The topper in the Higher Secondary Examination this year has received 99% in the Higher Secondary Results 2016, in the tune of ISC Board. But still, the elite club of 90% + scorers seemed somewhat at a loss unlike other boards such as CBSE and ISC. Thus the students are no doubt facing the forever competitive environment where they are battling with other students from other boards for admission into the top colleges. The statistical detail of the results reveal that only 3829 students or a mere 0.5% of the 779453 students who wrote the exam scored 90% and above in HS—1 in 200 students approximately. Last year the percentage was lesser than this year with an approximate 0.35% students entering the elite zone.
In contrast, 18.34% or 3890 of its 21215 candidates scored 90% and above with the CBSE results being awaited with a similar turnout. The comparison is not apt as most of the HS schools lack proper infrastructure and education support due to being located in district towns and remote villages unlike the ISC schools, which are primarily located in the urban centres. Yet the comparison isn’t completely skewed owing to the stat that more students from Kolkata appeared for HS than they did for ISC. Thus as is said by educationsts, in lieu of their high scores in class XII, students from ICSE Board will enjoy leverage against their HS counterpart in admission to college.
The Silver Lining of this situation is the marginal rise in the pass % of HS –83.65% this year against 82.38% in 2015.Swagatam Halder of Panchashayar Shiksha Niketan, with 99% was the alleged topper this year. With 17 candidates from the city alone amongst the top 56 students in the merit list, city students were quite cheerful after their defeat to their district fellows in Madhyamik. Not to forget the contribution of Narendrapur Ramkrishna Mission who had 8 students in the merit list of HS this year.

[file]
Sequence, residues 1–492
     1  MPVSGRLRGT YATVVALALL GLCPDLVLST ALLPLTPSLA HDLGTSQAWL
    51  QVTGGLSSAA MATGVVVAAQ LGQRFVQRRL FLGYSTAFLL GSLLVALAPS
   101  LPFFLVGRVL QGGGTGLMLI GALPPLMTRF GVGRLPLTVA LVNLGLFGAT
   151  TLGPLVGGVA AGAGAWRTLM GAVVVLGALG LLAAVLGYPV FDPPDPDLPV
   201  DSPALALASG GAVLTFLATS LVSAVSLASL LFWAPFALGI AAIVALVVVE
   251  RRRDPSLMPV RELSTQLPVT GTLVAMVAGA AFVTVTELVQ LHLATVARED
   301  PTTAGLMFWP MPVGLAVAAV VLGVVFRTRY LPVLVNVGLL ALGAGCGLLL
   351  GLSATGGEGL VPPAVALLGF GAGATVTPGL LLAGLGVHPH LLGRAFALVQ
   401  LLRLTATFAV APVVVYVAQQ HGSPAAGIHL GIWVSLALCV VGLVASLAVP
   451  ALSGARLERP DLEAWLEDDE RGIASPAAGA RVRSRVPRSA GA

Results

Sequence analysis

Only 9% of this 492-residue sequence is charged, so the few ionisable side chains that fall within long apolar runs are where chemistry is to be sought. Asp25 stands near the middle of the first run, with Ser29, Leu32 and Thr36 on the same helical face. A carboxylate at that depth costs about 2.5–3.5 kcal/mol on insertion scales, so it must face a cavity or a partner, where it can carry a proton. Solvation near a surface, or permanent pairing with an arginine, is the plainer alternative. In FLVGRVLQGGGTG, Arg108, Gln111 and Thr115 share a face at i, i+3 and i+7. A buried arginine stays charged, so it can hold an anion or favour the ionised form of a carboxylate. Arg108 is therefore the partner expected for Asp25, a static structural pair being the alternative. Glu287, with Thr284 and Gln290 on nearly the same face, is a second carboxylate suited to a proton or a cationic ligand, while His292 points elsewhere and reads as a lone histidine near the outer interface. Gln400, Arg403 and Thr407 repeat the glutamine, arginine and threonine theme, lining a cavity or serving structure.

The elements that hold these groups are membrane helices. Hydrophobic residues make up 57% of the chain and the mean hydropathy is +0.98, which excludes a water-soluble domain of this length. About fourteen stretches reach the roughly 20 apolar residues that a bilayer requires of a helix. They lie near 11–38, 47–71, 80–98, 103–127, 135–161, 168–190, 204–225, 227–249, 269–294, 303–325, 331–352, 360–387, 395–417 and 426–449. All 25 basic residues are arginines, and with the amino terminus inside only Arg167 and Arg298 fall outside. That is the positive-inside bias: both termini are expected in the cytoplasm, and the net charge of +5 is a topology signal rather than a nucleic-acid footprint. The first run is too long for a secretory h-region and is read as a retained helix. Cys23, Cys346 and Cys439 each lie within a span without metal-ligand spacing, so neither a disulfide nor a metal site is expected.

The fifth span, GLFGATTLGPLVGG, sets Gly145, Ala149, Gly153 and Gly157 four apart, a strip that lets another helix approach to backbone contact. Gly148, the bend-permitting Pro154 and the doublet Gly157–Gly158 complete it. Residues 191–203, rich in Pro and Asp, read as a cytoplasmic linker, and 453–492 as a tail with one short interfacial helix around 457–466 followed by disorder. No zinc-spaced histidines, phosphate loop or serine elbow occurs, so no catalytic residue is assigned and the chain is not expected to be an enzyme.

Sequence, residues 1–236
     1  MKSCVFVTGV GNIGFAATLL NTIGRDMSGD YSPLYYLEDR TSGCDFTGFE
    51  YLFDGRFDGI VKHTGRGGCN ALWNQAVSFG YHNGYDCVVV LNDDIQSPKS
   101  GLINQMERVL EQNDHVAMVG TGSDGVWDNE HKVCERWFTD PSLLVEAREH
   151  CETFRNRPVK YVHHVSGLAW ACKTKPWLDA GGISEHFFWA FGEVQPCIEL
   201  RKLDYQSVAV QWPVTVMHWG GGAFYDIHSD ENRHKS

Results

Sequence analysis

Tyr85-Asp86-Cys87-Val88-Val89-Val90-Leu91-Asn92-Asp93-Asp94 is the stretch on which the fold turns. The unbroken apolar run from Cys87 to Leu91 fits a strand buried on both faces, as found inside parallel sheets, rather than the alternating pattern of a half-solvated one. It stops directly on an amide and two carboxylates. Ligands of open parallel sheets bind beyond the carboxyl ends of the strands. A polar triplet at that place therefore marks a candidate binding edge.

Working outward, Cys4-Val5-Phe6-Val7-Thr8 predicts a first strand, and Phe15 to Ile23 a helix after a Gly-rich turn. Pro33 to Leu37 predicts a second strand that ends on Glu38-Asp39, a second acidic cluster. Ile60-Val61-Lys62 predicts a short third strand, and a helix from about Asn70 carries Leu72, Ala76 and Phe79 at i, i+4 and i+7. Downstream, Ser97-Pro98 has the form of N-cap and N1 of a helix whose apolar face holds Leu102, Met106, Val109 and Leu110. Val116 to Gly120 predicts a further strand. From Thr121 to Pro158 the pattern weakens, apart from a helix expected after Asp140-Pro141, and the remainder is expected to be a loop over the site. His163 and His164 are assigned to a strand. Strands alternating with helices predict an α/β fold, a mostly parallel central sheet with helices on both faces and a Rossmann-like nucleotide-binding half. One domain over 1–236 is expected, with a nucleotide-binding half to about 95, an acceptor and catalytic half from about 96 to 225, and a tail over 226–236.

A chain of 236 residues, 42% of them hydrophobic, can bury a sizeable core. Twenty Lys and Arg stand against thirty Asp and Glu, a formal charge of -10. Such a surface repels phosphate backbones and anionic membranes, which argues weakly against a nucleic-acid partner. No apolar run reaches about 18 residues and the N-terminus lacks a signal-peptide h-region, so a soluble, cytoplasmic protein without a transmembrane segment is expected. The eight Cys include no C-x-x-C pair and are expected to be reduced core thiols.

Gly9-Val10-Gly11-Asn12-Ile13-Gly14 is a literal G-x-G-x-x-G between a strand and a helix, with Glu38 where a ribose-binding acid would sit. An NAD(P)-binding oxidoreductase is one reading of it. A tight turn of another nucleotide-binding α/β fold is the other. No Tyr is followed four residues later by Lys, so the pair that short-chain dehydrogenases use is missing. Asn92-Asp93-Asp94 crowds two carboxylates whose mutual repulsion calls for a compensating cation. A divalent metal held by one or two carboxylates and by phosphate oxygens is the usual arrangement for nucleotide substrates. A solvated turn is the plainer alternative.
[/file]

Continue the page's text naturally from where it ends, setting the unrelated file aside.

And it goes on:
The West Bengal Council of Higher Education has actually started distributing more marks this year with the best of five system calculation coming into effect. New syllabus and new question paper are all reasons for this sudden upward trend in HS marks this year. According to Mahua Das, president of the HS Council, as students will get more accustomed to all this changes in curricula and marking scheme, results will gradually become better.
However, with nearly 35,000 students scoring more than 80% in the HS, a score of anything between 70 and 79, or Grade A, may not be enough for a seat in city colleges. There are 66 colleges in the Kolkata circle with an average intake of 1,000, including honors and pass courses. The total number of seat -66,000 -falls far short of 82,244 students who have got Grade A. Ahead in the race are 39,689 students in the top two grades O and A+. This cearly describes the actual impact of the HS scores on the students life.